April went in a blink of an eye! And I have a pretty good feeling why. I've been lucky enough to have been up to many different adventures that that has made me loose track of time. Making me not blog as often as I want! So without further ado let me get cracking on todays post.
The beautiful and infamous Louisiana Museum of Art has been on my to-go list even before arriving to Denmark. I went during the Easter break with the my Broski who came to visit me (!!) & the lovely Lærke!
We woke up with the sun shining and we knew it was going to be a good day. We popped over to the Central Station to catch our train.
The train ride took around 40 minutes up to Humlebæk street. Having Lærke by our side, she told us that she grew up living super close to the museum on the next town over. This basically made her a professional tour guide and my brother and I couldn't be happier to have a real local show us around!
Once we arrived to Humlebæk street station, we walked around 10 minutes in the woods and arrived at Louisiana!
If you happen to live in Denmark I would recommend buying the yearly pass as it was only 30kr difference to what a normal adult entry would be but with the pass you can go as many times as you want throughout the year without paying entry again! Great deal if you ask me.
You're probably thinking though, why is it called Louisiana? Isn't that in the US? Well according to our awesome tour guide, she said that the owner of the museum has two daughters, Louise and Ana, hence the reasoning for the museums name! Pretty cool fun fact, no?
Anyways, once we arrived we went straight to the good stuff. One of the much anticipated exhibitions I was really excited to see was Richard Mosse' 'The Enclave' photography and video installation because of the amount of hype it was getting all over the city and social media.
First I need to give a little bit of background info to set the scene. Mosse is an Irish photographer who used an outdated military surveillance film to envision the civil war in eastern DR Congo anew. The camera created an invisible spectrum of infrared light reflected by the chlorophyll in green plants, turning natural scenery into a bright and shocking pink. In this intersection between art and documentary he created an incredibly intense testimonial of a forgotten and complex conflict.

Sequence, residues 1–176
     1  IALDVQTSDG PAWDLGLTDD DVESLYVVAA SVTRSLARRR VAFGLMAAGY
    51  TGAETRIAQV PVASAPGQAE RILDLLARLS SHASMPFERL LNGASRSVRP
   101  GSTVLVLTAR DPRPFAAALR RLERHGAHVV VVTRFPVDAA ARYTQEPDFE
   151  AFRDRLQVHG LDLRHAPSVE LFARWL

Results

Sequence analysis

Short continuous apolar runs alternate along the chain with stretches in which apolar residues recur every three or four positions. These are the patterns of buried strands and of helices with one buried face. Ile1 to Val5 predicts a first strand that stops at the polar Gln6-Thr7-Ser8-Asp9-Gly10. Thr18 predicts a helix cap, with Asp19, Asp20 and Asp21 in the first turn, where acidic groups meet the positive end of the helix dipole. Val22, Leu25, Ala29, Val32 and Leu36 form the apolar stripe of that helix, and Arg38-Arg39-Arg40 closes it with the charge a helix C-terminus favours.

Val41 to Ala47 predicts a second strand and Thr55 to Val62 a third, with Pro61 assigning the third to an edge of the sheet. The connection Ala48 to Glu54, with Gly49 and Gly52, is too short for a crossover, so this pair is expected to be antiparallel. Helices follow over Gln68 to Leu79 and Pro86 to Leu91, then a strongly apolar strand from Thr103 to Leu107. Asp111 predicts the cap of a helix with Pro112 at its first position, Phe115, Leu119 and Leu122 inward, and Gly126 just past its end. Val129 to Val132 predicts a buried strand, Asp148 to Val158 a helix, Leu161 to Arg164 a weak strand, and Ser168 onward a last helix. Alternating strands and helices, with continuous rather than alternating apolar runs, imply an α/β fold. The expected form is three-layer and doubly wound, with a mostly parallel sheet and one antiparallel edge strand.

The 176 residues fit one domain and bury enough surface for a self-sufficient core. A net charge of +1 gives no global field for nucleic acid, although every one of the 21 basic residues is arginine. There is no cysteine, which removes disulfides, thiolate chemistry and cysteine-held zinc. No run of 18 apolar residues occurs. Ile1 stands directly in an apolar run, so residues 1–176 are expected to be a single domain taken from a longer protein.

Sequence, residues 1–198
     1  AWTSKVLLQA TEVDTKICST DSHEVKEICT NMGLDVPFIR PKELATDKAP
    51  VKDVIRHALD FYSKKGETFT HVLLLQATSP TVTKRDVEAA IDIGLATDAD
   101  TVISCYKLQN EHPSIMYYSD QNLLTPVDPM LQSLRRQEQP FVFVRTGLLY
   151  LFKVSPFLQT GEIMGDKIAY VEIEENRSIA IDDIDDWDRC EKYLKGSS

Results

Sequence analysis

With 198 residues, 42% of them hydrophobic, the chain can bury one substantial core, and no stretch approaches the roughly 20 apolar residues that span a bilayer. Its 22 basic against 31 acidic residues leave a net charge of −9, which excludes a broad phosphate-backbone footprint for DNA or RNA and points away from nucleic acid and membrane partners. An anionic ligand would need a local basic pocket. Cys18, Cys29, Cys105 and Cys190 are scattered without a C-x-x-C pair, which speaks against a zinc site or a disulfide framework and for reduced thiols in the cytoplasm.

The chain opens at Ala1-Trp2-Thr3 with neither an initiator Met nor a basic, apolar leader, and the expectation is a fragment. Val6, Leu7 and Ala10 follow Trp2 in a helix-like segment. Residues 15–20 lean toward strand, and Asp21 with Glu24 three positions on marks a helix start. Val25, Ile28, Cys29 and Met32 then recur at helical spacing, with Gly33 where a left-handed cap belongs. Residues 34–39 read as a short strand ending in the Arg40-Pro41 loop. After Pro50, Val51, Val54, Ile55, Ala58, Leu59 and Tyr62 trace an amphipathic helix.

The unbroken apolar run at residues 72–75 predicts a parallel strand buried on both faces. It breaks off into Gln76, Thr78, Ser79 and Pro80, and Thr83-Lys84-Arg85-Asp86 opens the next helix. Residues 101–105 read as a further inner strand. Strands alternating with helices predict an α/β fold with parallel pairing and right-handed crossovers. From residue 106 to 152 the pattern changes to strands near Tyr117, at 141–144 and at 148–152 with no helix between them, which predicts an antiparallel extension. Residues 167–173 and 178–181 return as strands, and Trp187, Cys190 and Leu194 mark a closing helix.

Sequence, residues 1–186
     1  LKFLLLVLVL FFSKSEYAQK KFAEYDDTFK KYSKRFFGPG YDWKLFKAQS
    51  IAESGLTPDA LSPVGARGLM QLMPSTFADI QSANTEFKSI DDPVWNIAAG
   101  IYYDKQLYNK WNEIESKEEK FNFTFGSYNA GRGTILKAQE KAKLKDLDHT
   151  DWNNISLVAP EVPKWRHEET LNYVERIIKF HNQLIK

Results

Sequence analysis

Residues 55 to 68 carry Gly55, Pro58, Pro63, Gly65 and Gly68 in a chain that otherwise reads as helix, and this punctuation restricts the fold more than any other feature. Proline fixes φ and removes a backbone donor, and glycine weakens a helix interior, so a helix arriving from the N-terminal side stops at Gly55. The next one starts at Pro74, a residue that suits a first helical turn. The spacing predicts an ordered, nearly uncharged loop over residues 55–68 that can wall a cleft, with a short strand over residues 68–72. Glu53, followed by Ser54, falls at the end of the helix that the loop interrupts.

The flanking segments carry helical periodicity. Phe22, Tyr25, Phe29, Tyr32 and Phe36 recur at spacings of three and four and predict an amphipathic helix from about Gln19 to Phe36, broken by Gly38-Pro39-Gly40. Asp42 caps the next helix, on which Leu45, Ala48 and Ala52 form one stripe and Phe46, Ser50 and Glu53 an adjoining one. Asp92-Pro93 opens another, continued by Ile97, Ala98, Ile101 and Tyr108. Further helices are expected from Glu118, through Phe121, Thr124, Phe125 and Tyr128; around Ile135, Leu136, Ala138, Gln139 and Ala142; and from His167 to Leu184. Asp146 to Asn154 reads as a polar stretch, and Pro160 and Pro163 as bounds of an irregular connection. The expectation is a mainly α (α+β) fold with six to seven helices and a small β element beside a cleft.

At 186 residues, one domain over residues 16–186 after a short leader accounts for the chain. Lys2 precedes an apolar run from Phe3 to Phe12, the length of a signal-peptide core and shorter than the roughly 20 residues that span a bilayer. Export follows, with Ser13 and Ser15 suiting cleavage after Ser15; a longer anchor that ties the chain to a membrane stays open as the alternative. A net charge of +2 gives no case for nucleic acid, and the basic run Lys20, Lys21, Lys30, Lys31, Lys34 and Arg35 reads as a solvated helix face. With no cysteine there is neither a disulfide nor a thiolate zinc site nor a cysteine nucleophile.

I thought it was an incredibly beautiful and haunting piece of art that Mosse created. The power of colour is really something incredibly strong that is clear in this exhibition. The colour pink makes it seem, at least to me, fairy like and innocent however when you know what the subject matter is and what you’re watching it turns into quite the opposite while being aesthetically pleasing to watch.
The video installation to me was a novel experience. There were around eight screens showing different angles of the same scene in the room and the footage made you feel like you were living in that moment. I believe this could be the future of video installations/cinema experience. Incredible!
After we walked around through some magical spaces in the museum and made it to the restaurant to grab lunch - the delicious danish open faced sandwiches!
We then saw several other exhibitions, which were interesting but to me the company that I had was what made it special.
If you haven’t been yet I highly recommend you to visit for the day. Here's the link to the website for you to see what is going on and what is coming soon:
I will definitely be paying another visit to this amazing space very soon!